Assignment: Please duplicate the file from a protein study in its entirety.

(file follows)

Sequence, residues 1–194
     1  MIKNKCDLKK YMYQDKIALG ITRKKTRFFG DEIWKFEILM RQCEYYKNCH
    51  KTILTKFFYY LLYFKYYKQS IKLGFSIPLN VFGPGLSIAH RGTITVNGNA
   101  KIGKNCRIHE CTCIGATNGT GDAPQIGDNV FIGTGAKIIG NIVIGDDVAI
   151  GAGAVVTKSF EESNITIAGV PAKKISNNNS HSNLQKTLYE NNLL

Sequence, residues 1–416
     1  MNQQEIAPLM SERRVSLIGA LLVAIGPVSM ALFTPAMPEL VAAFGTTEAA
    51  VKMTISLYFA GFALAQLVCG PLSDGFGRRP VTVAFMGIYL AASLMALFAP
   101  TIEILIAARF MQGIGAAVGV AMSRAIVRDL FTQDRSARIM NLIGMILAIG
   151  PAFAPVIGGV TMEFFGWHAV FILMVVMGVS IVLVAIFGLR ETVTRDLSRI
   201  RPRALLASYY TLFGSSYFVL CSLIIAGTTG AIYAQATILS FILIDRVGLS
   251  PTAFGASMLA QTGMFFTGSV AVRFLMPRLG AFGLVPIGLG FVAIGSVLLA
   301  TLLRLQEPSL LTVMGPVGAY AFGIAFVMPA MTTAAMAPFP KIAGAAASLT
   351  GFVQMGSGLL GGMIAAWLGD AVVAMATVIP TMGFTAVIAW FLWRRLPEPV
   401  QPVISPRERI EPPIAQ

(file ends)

Sequence, residues 1–194
     1  MIKNKCDLKK YMYQDKIALG ITRKKTRFFG DEIWKFEILM RQCEYYKNCH
    51  KTILTKFFYY LLYFKYYKQS IKLGFSIPLN VFGPGLSIAH RGTITVNGNA
   101  KIGKNCRIHE CTCIGATNGT GDAPQIGDNV FIGTGAKIIG NIVIGDDVAI
   151  GAGAVVTKSF EESNITIAGV PAKKISNNNS HSNLQKTLYE NNLL

Sequence, residues 1–416
     1  MNQQEIAPLM SERRVSLIGA LLVAIGPVSM ALFTPAMPEL VAAFGTTEAA
    51  VKMTISLYFA GFALAQLVCG PLSDGFGRRP VTVAFMGIYL AASLMALFAP
   101  TIEILIAARF MQGIGAAVGV AMSRAIVRDL FTQDRSARIM NLIGMILAIG
   151  PAFAPVIGGV TMEFFGWHAV FILMVVMGVS IVLVAIFGLR ETVTRDLSRI
   201  RPRALLASYY TLFGSSYFVL CSLIIAGTTG AIYAQATILS FILIDRVGLS
   251  PTAFGASMLA QTGMFFTGSV AVRFLMPRLG AFGLVPIGLG FVAIGSVLLA
   301  TLLRLQEPSL LTVMGPVGAY AFGIAFVMPA MTTAAMAPFP KIAGAAASLT
   351  GFVQMGSGLL GGMIAAWLGD AVVAMATVIP TMGFTAVIAW FLWRRLPEPV
   401  QPVISPRERI EPPIAQ